I may have to try it now with the shallots and rosemary.
Linkat, I use the canned whole baby clams too instead of chopped fresh clams.
great minds as they say! They are much more tender
I'm not experienced in cooking with "real" clams - I figure good fresh clams are much better than canned clams, but only from my having them in restaurants on the pacific coast, and slight childhood memories of a clam shack near Boston. Oh, and some fresh baby clams in tiny shells on a pasta in Tuscany...
It's sort of moot here in the inland valley of hot sand. Fish in general are like some kind of aberration here. First they coat frozen fish with some concrete like encasement, or they come packaged that way, then they fry them to monolithic dry burnt slabs...
oh god...I thought the title of this thread read "good plasma sauce recipe.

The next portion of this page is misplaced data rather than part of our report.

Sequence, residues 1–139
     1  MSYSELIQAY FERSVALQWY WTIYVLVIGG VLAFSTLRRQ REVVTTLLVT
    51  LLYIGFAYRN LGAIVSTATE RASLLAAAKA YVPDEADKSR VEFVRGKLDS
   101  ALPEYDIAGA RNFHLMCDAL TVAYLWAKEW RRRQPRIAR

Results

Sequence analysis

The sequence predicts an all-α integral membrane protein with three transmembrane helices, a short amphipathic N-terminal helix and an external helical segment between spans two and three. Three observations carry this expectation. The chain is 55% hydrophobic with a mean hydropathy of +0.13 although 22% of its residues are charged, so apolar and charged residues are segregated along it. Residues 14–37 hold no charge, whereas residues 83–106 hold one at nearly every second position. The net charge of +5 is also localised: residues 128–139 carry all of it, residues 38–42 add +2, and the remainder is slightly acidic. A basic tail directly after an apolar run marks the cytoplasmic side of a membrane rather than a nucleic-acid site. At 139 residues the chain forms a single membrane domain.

add enough garlic and chile flakes and your plasma will perk right along...
I've used fresh and I've used canned. The fresh of course do taste better, however, the canned is easier and cheaper and they are pretty tender. I also did not chop the clams when I bought them fresh, I saute them in the pan with the shells on and presented them on top of the pasta in their shells.
Also, it is easy to keep a can in the pantry and to whip up the dish at a moments notice. Overall (unless I am out to really impress, I just go the can route).
Hello ossobuco. Hello linkcat.
I've made clam sauce many times. Not with anchovies, and rosemary. Every time I do make it, it comes out a bit different, depending on what fresh produce I have, or what open bottle of wine I have at the time.